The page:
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Permeable Reactive Barriers - ZVI Pilot Scale Case Study, Colorado


The following is a summary of The U.S. EPA’s findings of the pilot scale case study: (U.S. Department of Energy, 2005)

Background and Site Description

Cotter Corporation, located in Colorado, was a former uranium-ore milling site. The groundwater on this site was contaminated with both molybdenum (Mb) and uranium (U) with average concentrations of 4.8 mg/L of Mb and 1 mg/L of U. On site, groundwater flows through an alluvium containing unconsolidated sand, gravel, and silt. The bedrock is a mixture of clay, sandstone, and coal.  The saturated thickness varies seasonally from 0.5 to over 4 feet from the ground surface. The site is estimated to have 1 gpm of groundwater flow.

PRB Design

In June 2000, a pilot scale funnel and gate PRB was installed using ZVI as the reactive material. The dimensions of the PRB were 30 ft long and 7 ft deep.  In the direction of water flow, there was 2 ft of clean silica placed on either side of 5 feet of ZVI. Leading to a total width of 9 feet. The PRB was secured on either side with a vertical concrete wall. The funnel walls were 285 feet to the west and 85 feet to the east protected by a 36-mil layer of HypalonTM (a chemical, heat, and UV resistant synthetic rubber). Both the funnel and PRB were anchored 3 feet into the bedrock at the base. 

The construction process began with the removal of soil from the ground surface using open excavation technique to a depth of three feet into the bedrock. Next, the concrete side walls and Hypalon wing walls were constructed. The last steps were filling the ZVI and sand and then replacing the overburden soils. The groundwater was pumped away during the entire construction process.


The figures below show the dissolved Mo and U concentrations at different points along the funnel and gate system, from November 2000 to October 2004.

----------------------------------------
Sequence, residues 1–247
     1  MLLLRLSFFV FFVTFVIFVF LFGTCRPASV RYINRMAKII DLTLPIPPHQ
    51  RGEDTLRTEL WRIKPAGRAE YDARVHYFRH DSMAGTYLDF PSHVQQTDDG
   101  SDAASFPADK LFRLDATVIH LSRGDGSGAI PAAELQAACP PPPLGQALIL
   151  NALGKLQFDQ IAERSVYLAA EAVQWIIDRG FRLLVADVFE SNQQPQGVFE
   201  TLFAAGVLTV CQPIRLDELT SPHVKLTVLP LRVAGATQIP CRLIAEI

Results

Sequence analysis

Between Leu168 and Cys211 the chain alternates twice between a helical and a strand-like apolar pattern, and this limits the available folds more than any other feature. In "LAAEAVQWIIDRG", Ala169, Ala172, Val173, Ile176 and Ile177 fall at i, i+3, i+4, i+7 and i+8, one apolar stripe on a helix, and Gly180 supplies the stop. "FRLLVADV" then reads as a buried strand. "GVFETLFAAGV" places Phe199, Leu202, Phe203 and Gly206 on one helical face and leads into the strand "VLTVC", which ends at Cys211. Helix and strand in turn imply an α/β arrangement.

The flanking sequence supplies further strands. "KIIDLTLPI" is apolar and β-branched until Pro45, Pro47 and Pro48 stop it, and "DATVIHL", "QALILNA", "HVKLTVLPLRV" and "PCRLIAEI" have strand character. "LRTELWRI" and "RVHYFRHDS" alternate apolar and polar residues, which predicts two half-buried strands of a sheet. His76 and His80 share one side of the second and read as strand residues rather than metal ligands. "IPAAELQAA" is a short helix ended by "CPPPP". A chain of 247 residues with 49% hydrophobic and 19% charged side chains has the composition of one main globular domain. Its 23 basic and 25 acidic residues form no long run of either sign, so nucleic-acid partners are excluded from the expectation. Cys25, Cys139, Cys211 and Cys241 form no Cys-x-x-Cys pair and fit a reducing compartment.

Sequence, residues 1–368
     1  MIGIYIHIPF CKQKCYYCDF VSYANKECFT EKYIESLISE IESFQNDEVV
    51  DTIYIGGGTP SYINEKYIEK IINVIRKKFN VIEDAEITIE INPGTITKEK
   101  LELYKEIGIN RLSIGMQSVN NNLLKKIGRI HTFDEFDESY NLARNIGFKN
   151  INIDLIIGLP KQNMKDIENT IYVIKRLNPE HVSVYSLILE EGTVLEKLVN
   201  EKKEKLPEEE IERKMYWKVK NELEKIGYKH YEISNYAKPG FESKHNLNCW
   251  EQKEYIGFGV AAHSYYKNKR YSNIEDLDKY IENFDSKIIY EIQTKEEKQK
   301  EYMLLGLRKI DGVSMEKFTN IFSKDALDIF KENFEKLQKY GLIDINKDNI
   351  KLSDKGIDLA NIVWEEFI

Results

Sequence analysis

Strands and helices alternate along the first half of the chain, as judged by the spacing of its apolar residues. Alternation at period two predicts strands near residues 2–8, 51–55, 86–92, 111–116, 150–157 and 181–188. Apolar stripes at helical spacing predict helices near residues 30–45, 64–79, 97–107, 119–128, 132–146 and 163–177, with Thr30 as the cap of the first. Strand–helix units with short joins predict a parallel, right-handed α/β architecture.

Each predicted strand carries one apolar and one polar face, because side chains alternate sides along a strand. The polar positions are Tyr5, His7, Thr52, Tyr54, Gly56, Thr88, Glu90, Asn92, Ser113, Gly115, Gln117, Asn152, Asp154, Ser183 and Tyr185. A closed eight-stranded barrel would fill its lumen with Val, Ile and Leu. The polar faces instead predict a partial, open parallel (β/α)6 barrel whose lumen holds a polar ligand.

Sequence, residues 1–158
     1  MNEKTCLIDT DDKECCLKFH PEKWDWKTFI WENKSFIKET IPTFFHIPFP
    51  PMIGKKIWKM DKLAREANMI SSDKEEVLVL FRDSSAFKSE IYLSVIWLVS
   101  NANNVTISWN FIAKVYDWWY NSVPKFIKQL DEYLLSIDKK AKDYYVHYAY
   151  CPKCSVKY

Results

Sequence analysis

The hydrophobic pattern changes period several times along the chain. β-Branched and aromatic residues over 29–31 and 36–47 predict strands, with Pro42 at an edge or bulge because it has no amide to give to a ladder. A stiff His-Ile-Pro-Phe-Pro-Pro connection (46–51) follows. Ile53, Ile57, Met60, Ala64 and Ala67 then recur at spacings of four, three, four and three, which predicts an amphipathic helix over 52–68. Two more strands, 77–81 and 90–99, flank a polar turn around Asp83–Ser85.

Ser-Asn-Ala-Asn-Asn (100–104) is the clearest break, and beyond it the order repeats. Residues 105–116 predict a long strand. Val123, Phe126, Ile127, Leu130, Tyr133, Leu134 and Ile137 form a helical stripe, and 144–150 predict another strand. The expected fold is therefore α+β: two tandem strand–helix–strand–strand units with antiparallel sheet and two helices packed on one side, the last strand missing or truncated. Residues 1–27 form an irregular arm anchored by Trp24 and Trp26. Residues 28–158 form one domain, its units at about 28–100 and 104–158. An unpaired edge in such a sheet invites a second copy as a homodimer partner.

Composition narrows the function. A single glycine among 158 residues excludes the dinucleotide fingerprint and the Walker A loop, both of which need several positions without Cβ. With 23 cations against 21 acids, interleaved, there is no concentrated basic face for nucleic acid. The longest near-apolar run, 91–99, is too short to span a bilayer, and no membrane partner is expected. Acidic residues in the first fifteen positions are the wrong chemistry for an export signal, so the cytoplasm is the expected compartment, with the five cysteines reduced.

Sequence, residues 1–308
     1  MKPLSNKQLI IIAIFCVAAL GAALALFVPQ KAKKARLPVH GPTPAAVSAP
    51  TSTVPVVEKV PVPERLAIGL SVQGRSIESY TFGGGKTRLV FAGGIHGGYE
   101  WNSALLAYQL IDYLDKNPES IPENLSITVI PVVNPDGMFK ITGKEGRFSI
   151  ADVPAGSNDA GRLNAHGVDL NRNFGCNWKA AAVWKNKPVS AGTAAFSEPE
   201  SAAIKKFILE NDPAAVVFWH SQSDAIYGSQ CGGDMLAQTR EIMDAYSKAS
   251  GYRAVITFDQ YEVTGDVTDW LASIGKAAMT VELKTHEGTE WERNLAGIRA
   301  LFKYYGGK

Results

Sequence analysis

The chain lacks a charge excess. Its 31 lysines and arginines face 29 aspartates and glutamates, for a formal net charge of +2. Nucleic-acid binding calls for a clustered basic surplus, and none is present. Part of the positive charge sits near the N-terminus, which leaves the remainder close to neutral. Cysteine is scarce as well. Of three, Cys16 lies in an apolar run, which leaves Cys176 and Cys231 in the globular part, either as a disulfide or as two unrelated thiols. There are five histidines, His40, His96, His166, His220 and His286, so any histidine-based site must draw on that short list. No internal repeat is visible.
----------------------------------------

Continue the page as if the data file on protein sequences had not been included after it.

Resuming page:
Case study Colorado Figure 5Case study Colorado Figure 6

Figure 5 and Figure 6 from the report 


An excavation was done to assess the PRB because of the high down gradient values for both the Mo and U concentrations. The visual excavation showed a cementation of ZVI almost entirely throughout the 5 foot span. Further testing showed that U, Mo, and Ca were the minerals present on the ZVI. Solid uranium was present only from 0 to 0.5 feet from the front of the ZVI at concentrations as high as 3.7 mg/g. Solid Mo reached its highest concentration from 0 to 0.5 feet from the front of the ZVI, ranging from 0.13 to 4.05 mg/g.  Unlike uranium, Mo was found at slightly elevated concentrations up to two feet from the front of the ZVI. Calcium was present in high concentrations (up to 44.2 mg/g) from zero to 4 feet from the front of the ZVI.  The author considers Calcium as the likely cause of cementation and loss of hydraulic conductivity of the ZVI.

Case study Colorado ZVI cementation

A photo demonstrating the cementation of the ZVI from the report


Discussion and Conclusions

The mineral deposits that caused the cementation of ZVI greatly reduced the hydraulic conductivity. “By early 2004, chemical signatures indicate that most of the ground water was bypassing the ZVI or was flowing through preferential pathways and not being treated.” (U.S. Department of Energy, 2005) Possible recommendations to prevent these issues include easy PRB accessibility, acid flush to remove calcium deposits, and the installation of a pretreatment zone with gravel and ZVI (Bronstein, 2005). These suggestions may serve to extend the life of the PRB by prolonging or eliminating mineral deposits, which increase the hydraulic conductivity allowing the contaminated water to flow through the PRB.

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